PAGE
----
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Espinoza v. Bank of America, N.A.

United States District Court for the Southern District of California
823 F. Supp. 2d 1053 (2011)


Facts

Espinoza (plaintiff) owned property subject to multiple deeds of trust. Espinoza defaulted on two of the deeds of trust, including one owned by Bank of America (defendant). Bank of America commenced judicial foreclosure proceedings. In October 2009, Espinoza signed a short sale agreement with a third party. Bank of America approved the short sale, which closed on March 25, 2010. Upon the short sale, Bank of America released its lien on the property but stated in the reconveyance deed it only released the lien on the property and that Espinoza still owed the underlying debt. Bank of America demanded repayment of the loan. Espinoza filed suit in San Diego Superior Court claiming that California’s anti-deficiency statute prohibited Bank of America from collecting the deficiency resulting from the short sale. Effective January 1, 2011, California amended its anti-deficiency statute to make it applicable to short sales. Bank of America removed the case to the United States District Court for the Southern District of California and filed a motion to dismiss.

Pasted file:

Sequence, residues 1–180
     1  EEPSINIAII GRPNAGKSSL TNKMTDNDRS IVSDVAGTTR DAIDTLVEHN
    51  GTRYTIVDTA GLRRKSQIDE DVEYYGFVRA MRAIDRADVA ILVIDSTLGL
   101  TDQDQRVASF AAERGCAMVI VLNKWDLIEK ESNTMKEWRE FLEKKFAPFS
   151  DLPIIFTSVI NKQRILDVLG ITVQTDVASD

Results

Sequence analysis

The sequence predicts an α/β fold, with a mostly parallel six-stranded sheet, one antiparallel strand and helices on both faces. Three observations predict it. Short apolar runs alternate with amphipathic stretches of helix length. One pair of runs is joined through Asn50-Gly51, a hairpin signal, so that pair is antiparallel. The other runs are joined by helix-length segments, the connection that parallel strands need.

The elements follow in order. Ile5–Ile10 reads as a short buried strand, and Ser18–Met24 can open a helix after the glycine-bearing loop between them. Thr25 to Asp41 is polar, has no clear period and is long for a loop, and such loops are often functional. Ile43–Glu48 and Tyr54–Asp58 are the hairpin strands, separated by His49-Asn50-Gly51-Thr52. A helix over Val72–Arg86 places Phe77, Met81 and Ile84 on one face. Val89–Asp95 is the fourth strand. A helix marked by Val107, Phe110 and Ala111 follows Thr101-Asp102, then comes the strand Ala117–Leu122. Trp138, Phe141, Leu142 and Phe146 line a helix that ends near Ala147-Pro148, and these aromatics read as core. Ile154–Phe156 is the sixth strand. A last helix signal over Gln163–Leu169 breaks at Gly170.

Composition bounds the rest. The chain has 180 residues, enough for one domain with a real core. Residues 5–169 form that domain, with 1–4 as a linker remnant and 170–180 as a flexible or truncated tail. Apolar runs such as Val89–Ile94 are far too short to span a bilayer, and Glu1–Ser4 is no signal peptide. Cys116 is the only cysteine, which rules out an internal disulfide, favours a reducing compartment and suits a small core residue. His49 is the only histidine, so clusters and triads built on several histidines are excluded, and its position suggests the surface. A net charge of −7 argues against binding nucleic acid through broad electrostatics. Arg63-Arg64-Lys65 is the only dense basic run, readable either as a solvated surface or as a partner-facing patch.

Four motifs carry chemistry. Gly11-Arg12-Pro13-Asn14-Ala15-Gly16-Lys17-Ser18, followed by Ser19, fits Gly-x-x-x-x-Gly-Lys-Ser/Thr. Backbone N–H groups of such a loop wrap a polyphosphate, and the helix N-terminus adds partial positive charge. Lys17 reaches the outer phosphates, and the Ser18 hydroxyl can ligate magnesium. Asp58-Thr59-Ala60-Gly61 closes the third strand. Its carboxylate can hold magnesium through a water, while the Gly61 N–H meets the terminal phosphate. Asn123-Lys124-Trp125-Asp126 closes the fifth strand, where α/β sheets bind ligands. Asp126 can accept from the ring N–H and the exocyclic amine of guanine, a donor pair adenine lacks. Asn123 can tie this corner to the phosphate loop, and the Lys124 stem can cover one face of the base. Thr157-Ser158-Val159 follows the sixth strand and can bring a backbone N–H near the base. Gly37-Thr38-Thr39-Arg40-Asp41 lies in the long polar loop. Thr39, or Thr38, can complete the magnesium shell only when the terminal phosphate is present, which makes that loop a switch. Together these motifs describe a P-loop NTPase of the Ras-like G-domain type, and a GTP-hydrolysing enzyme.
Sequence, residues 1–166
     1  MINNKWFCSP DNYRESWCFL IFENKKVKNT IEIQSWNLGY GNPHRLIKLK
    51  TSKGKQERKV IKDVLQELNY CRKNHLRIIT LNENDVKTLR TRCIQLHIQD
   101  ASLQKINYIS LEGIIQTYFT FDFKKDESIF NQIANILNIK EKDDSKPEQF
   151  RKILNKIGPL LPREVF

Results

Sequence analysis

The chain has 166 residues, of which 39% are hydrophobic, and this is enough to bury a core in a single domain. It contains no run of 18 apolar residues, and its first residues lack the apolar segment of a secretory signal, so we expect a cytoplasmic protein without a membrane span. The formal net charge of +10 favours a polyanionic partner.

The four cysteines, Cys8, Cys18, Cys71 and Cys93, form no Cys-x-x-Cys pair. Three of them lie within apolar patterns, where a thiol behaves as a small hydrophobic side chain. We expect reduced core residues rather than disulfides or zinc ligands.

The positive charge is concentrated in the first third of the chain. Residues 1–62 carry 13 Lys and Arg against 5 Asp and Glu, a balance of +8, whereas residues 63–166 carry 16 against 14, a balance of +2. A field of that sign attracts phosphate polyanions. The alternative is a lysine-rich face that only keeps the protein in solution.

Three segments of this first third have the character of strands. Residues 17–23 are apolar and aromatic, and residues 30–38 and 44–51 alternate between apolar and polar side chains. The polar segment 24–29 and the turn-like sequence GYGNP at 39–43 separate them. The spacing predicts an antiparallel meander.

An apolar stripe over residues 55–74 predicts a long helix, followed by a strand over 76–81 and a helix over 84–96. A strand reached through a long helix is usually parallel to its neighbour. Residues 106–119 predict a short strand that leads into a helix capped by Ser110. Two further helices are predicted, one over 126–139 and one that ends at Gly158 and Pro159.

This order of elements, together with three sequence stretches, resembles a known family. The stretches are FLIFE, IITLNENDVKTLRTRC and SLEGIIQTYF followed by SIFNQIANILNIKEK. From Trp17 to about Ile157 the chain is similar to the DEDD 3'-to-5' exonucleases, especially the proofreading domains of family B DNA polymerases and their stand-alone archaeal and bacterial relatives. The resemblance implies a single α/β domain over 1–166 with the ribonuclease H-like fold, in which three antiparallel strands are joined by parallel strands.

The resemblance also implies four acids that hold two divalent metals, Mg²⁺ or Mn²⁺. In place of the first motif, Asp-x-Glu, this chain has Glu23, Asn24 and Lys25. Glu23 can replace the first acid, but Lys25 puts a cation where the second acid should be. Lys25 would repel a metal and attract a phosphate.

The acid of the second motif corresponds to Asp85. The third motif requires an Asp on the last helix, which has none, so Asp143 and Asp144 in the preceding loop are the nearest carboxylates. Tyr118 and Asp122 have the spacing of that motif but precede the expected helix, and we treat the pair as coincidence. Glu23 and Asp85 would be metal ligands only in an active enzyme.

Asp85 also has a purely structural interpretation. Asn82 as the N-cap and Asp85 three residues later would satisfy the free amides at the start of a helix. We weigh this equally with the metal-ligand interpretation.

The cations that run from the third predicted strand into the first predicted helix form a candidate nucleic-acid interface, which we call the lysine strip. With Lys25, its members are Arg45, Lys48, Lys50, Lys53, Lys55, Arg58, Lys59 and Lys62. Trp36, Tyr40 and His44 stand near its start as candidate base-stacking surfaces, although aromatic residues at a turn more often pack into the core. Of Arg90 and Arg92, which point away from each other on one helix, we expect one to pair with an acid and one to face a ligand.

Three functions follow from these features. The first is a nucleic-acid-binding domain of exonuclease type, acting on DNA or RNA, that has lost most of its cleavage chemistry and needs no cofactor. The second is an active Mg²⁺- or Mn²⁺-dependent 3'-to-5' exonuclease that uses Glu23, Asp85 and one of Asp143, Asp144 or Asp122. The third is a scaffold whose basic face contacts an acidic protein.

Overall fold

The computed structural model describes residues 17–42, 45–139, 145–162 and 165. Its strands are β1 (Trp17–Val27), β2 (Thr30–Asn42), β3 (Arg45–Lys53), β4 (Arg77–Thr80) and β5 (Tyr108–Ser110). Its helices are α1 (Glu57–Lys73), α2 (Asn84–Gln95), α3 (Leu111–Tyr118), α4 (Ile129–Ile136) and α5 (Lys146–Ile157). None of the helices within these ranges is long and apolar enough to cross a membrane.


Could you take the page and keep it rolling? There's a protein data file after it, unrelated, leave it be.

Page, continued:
Rule of Law

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Issue

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Holding and Reasoning (Gonzalez, C.J.)

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  • A “yes” or “no” answer to the question framed in the issue section;
  • A summary of the majority or plurality opinion, using the CREAC method; and
  • The procedural disposition (e.g. reversed and remanded, affirmed, etc.).

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